I was pretty lucky with my flight from US to South Africa. From Chicago to Munich, and from Munich to SA, I had a row of seats to myself, which, although it did not help with my perennial difficulties sleeping in the air, it did make the whole experience a lot more comfortable than usual.
Johannesburg International Airport
Johannesburg international, or Oliver Tambo International as it is formally known, is about the most un-African airport you could ever hope to find in Africa (because it works). My journey through customs and immigration, which can be very difficult anywhere else, was smooth, quick and trouble free. The next stop was the Avis desk. I picked up my hire car and was out on the Joburg freeway system in less than an hour.
Thats when things do tend to get a bit scary in South Africa. With all of this ostensibly developed world infrastructure, it is easy to imagine that this is a safe and easy city, but the fact is that Johannesburg is an edgy, wild and extremely dangerous place. It is known as Egoli, or the City of Gold, its raison d’être little more than the gold of the Rand mines, and capitalism in its purest and most unadulterated form. Crime is endemic, and a generally f**k you attitude is pervasive everywhere.
The Backpackers Ritz
Joburg is a hard, tough and unyielding place, evidenced by the walls with cut glass edges, the spiked fence and miles of razor wire that surrounds the perimeter of the Backpackers Ritz backpackers lodge in the swishy Dunkeld, or Hyde Park neighborhood of Johannesburg. I opted to stay at the Ritz because of economy, but also for old-time-sake. This in the old days was the heartbeat of the Africa overland industry, and over the years I have picked up and dropped off many groups of tourists en-route either to the Cape, Victoria Falls or as far afield as Nairobi. Many a good thrash has been held at the Ritz, an old castle-like structure that at one time was the home of some minor member of the European aristocracy, but now is a slightly depressed establishment run by three brothers whose fortunes have certainly seen better days – this, I must add, being because of the European and US recessions that has hit the travel industry across Africa very hard.
Johannesburg Country Club
One of my missions while in Joburg was to connect up with Pat Armstrong, the last commanding officer of the Selous Scouts Regiment of Rhodesia, and the subject of one of my books. We shared an extremely enjoyable lunch at the Johannesburg Country Club, a little bit of a throwback to the grand old days of yore, and something of an anachronism, but nonetheless very enjoyable. While I waited under the great oak tree for my host to arrive I was entertained by the conversation of two elderly white ladies, obviously preoccupied with older days, discussing the British public school and university system, with evident reverence for the days when that meant something. It was a unique little experience that reminded me a little of my own roots (my old Dad was nothing if not a British style club man), and the fact that the Empire is still alive and well in pockets of South Africa.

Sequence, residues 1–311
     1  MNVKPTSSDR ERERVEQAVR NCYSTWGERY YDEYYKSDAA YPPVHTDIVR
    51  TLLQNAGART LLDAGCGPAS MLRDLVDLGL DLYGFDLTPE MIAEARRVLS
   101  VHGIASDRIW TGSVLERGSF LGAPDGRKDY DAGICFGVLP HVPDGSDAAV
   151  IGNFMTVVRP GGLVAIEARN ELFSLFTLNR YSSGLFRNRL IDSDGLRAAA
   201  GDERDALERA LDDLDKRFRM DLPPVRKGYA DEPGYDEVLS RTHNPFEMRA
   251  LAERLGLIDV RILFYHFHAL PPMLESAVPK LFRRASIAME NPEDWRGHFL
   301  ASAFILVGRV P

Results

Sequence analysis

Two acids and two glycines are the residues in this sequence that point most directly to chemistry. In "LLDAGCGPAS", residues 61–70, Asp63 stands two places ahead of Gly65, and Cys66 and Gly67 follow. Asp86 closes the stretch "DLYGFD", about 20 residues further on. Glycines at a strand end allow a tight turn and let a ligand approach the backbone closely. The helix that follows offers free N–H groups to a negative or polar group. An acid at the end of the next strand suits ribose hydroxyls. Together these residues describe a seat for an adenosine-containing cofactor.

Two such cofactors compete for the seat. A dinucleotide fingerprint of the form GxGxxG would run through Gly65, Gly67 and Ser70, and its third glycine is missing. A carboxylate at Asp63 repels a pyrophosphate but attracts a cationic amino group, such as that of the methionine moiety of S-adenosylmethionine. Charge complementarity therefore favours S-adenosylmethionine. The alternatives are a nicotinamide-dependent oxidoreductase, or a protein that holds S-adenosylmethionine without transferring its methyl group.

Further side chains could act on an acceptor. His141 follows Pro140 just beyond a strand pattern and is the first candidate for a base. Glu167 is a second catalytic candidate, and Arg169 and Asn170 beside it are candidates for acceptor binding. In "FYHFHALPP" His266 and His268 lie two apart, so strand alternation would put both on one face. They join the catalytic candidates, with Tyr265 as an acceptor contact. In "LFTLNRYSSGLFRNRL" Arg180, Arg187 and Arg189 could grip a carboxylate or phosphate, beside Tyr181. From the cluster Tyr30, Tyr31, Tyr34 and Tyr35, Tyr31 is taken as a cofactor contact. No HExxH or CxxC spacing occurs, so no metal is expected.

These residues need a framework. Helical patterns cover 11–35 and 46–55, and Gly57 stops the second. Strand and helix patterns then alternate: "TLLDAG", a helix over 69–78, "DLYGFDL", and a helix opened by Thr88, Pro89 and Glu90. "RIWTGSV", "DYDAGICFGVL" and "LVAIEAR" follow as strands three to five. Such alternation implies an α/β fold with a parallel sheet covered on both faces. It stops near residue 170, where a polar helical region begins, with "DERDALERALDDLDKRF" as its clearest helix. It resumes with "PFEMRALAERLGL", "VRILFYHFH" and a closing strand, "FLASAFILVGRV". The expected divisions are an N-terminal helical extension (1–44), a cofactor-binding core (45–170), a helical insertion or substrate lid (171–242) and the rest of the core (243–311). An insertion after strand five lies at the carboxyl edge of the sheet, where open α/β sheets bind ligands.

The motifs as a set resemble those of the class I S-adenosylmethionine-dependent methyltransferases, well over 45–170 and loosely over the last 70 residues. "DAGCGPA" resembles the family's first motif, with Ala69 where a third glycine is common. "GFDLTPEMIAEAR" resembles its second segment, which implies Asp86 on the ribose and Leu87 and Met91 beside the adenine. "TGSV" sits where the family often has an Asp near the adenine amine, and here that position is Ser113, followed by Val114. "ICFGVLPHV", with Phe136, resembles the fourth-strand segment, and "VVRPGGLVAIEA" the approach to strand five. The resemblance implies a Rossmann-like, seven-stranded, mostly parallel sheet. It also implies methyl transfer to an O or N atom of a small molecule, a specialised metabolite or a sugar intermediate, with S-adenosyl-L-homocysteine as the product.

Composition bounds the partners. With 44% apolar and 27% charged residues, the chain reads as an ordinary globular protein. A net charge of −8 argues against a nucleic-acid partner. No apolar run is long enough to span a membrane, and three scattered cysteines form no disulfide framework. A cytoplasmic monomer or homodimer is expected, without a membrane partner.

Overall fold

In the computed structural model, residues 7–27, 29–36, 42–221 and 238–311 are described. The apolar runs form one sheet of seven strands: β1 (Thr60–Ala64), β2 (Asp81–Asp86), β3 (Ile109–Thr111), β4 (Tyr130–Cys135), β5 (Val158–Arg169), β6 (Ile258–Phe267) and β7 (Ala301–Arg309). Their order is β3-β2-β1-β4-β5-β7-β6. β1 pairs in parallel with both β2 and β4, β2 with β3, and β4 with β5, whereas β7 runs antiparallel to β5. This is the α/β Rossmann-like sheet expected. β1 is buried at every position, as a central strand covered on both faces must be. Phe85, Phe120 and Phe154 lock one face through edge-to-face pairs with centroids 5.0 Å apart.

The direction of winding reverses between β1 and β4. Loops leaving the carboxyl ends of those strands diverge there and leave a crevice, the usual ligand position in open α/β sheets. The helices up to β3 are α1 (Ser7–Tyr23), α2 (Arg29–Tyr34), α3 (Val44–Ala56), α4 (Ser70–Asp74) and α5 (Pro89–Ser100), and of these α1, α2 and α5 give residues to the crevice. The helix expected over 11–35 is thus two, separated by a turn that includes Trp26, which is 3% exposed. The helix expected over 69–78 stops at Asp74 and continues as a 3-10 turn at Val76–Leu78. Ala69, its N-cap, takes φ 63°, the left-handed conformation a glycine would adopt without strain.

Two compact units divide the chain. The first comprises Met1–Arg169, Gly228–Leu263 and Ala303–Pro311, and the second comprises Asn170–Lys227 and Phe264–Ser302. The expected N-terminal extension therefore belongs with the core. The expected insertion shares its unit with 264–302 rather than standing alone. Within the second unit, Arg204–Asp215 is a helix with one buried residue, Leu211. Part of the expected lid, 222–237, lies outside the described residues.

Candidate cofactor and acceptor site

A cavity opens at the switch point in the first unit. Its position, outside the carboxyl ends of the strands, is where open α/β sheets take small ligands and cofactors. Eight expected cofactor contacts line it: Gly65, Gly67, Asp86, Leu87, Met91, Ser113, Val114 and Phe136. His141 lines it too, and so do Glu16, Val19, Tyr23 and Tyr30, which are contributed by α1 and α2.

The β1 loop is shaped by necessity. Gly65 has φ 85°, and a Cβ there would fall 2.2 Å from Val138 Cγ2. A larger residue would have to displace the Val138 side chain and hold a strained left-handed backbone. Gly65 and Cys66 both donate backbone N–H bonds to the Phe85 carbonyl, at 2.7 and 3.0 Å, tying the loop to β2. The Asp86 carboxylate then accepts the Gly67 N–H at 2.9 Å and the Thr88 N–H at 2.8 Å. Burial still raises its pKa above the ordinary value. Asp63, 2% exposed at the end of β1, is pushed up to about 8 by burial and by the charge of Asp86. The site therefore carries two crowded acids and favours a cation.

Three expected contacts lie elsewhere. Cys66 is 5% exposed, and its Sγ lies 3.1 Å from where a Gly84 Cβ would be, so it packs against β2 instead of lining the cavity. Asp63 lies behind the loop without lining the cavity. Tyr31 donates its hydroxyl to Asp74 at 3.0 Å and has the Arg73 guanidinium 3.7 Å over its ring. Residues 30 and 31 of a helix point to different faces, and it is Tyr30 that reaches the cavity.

From there it was on the road, battling with festive season traffic down the excellent N3 highway east out to the KwaZulu/Natal coast. There, amid the heat the humidity, and the almost impossibly green hills and the holiday atmosphere of the beach side (the SA South Coast has often been described as Southern California in the 1950s), it was time to take a breather before heading north up to Zimbabwe, and Africa proper.
A Few Useful Facts
- Johannesburg has tons to offer and there is lots to do. Don’t be afraid of its reputation, but rather make sure that you see what is to be seen in the safety of a reputable guided tour, which can be arranged at the reception desk of any decent hospitality establishment.
- There is a wide array of hospitality options available in Johannesburg. Most offer an airport transit, so book in advance and make the relevant arrangements.
- South African backpackers lodges are a fantastic way to plan a long range trip. They are cheap, safe and well organized. You can find out everything that you need to know about your onward destination here, other reputable backpackers lodges, safety information and anything else you might need to know.
- Johannesburg is a dangerous city, but the rules of caution should apply. Do not wander around the city at any time alone, and certainly not at night. At all times remain connected to your group or tour leader.
- If you are traveling independently make sure you use a reliable taxi, suggested by your hospitality establishment, don’t flaunt your valuables.
- Remember, HIV/AIDS is rampant in South Africa, so wrap up your good buddy in rubber, or insist that your new friend does.
- South Africa has fantastic health facilities, but health insurance is vital